Dana Holgorsen

WVU sticking with Holgorsen


As has been the case more often this year than in pretty much any other in recent memory, an athletic director is standing behind an embattled head coach.

The most recent example is West Virginia’s Oliver Luck, who released a statement Tuesday confirming that Dana Holgorsen will return as the Mountaineers’ head coach in 2014.  The decision came after the athletic director and coach “met at length and reviewed this past season.”

“In my opinion, continuity is the key ingredient that will bring our football program back to the high level that Mountaineer fans expect,” Luck’s statement read, in part.

Left unmentioned by Luck was Holgorsen’s hefty buyout.

Reportedly, it would cost the university in excess of $11 million for Holgersen alone if he were fired without cause — and that doesn’t include buyouts for current assistants along with hiring an entire new staff.  While the move from the Big East to the Big 12 was made in large part for the additional conference revenue, the financial hit the athletic department would take for cleaning house is much too prohibitive — especially for an athletic department that’s still not receiving a full share of league revenue.

After going 10-3 his first season in 2011, Holgorsen has gone 7-6 and 4-8 in the Mountaineers’ first two seasons in the Big 12.

Below is the full text of Luck’s statement:

First, I want to thank all Mountaineer fans who supported our football team through a difficult and trying season.  Though there were some high points this year, including our upset victory over No. 11 Oklahoma State and the inspired play from many first year student-athletes, there were far too many disappointments.
We have high expectations at West Virginia University for success on and off the field and as Coach Holgorsen has acknowledged to me, we are not meeting those expectations on the field.  Coach Holgorsen and I met at length and reviewed this past season.  We discussed the coaching staff, recruiting, player development, strength and conditioning, academic support, facilities, in short, all the components that make up a successful program.  We are working diligently to improve our capabilities in all of these areas.
I strongly believe in our coaching staff, including the work that our strength and conditioning staff is doing.  In my opinion, continuity is the key ingredient that will bring our football program back to the high level that Mountaineer fans expect.
We had plenty of challenges this season; nonetheless, we should not and will not use those as excuses for our performance. We simply must get better.
Coach Holgorsen and his staff are on the road recruiting this week, securing the future for a successful Mountaineer football program.  We need to do our part as well by continuing to move forward with the facility improvements needed to compete at the highest level in our conference.
We have high expectations for the 2014 football team, and I have shared those with Coach Holgorsen.  He and his staff are eager to get started to prepare for our opening game against Alabama.  We are well aware that we have a lot of work to do.
We have tremendous student-athletes in our program and a very accomplished core of coaches who want to bring championships back to West Virginia University.  We will do all we can to help them in that endeavor, and I ask for your continued support as we move forward to a brighter future.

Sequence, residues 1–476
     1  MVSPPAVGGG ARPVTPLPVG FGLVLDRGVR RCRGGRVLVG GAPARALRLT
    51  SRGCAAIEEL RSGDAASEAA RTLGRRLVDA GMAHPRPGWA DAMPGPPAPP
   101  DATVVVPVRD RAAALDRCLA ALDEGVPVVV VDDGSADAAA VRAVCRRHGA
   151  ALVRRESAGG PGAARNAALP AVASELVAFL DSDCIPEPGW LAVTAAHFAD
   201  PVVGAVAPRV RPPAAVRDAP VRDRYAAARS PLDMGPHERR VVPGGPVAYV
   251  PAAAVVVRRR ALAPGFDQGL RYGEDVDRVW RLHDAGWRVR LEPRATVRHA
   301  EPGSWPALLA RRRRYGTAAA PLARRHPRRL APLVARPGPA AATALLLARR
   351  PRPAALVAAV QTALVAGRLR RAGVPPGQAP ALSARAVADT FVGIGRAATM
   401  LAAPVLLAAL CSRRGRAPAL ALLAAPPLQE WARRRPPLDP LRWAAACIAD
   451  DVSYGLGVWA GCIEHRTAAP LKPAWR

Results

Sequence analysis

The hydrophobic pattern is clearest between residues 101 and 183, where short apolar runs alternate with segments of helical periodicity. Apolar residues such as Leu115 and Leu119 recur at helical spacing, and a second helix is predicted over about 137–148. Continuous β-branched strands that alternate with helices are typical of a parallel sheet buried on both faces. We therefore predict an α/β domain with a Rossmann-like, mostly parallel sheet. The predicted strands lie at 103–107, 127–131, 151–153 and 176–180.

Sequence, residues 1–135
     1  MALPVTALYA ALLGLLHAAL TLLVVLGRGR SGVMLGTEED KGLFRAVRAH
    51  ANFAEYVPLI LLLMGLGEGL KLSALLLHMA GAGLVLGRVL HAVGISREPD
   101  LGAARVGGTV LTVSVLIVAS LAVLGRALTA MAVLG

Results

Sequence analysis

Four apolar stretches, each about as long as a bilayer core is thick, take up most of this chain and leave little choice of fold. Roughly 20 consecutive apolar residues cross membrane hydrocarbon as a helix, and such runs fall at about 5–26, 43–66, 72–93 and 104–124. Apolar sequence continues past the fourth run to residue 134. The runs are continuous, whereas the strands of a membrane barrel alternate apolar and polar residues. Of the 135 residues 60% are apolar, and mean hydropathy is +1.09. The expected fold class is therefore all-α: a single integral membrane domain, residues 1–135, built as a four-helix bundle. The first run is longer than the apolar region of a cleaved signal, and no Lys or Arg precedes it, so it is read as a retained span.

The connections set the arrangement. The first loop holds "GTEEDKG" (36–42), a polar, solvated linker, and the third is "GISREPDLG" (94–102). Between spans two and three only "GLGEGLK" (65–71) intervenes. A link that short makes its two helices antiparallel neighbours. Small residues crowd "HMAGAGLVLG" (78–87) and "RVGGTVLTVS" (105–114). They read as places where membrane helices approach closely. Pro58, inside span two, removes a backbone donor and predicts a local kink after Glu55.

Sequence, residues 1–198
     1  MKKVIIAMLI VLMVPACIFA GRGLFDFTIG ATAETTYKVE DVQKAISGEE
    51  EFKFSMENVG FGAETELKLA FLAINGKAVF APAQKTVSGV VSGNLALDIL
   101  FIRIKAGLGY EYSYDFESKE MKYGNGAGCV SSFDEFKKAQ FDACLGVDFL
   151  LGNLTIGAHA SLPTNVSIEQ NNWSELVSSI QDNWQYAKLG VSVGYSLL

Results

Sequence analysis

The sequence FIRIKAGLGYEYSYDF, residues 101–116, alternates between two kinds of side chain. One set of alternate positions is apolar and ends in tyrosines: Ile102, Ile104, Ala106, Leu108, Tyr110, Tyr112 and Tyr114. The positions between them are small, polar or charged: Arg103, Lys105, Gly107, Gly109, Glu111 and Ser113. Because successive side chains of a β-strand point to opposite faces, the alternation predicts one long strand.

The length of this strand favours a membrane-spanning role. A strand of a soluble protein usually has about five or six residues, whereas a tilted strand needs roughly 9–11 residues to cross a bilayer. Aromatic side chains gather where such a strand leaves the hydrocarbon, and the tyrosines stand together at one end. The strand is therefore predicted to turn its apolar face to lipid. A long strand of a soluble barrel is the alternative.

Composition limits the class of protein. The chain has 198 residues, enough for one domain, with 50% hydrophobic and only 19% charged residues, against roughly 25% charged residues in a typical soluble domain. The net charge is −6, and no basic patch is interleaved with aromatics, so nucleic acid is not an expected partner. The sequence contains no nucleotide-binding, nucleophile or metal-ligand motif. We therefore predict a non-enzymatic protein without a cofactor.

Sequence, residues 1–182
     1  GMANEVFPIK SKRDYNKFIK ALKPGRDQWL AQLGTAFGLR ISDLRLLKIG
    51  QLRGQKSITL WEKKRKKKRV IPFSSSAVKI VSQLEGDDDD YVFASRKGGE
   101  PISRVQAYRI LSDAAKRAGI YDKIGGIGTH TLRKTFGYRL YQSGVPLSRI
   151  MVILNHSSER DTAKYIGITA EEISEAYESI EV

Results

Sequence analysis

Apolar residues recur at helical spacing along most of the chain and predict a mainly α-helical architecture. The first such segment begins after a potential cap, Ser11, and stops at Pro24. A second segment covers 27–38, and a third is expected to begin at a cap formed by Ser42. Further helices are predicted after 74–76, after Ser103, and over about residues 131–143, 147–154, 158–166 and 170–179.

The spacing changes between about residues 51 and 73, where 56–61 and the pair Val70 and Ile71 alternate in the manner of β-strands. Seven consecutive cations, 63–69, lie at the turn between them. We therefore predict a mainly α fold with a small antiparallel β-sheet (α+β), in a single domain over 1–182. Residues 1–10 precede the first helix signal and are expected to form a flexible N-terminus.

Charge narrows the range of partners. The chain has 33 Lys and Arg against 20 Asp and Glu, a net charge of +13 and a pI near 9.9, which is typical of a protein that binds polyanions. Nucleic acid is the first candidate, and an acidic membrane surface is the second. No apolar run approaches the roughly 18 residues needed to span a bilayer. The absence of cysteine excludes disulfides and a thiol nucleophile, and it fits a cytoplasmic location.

Diagnosed with bovine leukemia, Bevo XIV retires immediately

Associated Press
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Turns out Steve Spurrier isn’t the only iconic college football figure to retire this week.

Texas announced Tuesday evening Bevo XIV has been diagnosed with bovine leukemia and has been retired to his pasture, effective immediately.

Bevo XIV missed Saturday’s stunning upset of then-No. 10 Oklahoma with what the school called a “life threatening” illness, and rumors circulated around the internet this week he had passed away.

Bevo XIV officially hangs up his horns with a 106-41 record with two national championship appearances.

There is no word at press time on a possible debut of Bevo XV.

Dabo Swinney won’t stop talking about “Clemsoning”

Dabo Swinney
Associated Press

Urban Dictionary defines “Clemsoning” as “the act of an inexplicably disappointing performance, usually within the context of a college football season.”

Clemson head coach Dabo Swinney was asked about the phenomenon following the Tigers’ destruction of Georgia Tech Saturday and promptly went off. The question, asked by ESPN’s David Hale, was in reference to Swinney’s program shaking the label – Saturday marked Clemson’s 34th straight win over an unranked opponent – but Swinney didn’t see it that way.

Armed with some new facts (Clemson SID Tim Bourret noted 50 teams have fallen as ranked opponents to unranked foes since the Tigers last did so on Nov. 19, 2011), Swinney again targeted the “Clemsoning” label.

“I think it’s an agenda. It’s just bias,” Swinney told the Charleston (S.C.) Post & Courier Tuesday. “People are uneducated. They’re just ignorant and lazy because they’re not looking at the facts. If they did, they’d be focused on other schools and not Clemson. They’d be dialed in on what Clemson has done. There aren’t three other schools in the country as consistent as Clemson, in all aspects.”

I hate to break it to you, Dabo: you are absolutely correct, but the term, as they say, has been coined.

Just go beat Florida State, beat South Carolina, win the ACC and win a national title and maybe Urban Dictionary will delete that pesky page out of a sign of respect.

Also, No. 5 Clemson hosts unranked Boston College on Saturday. This would be a very, very unfortunate time for the Tigers to suffer an upset.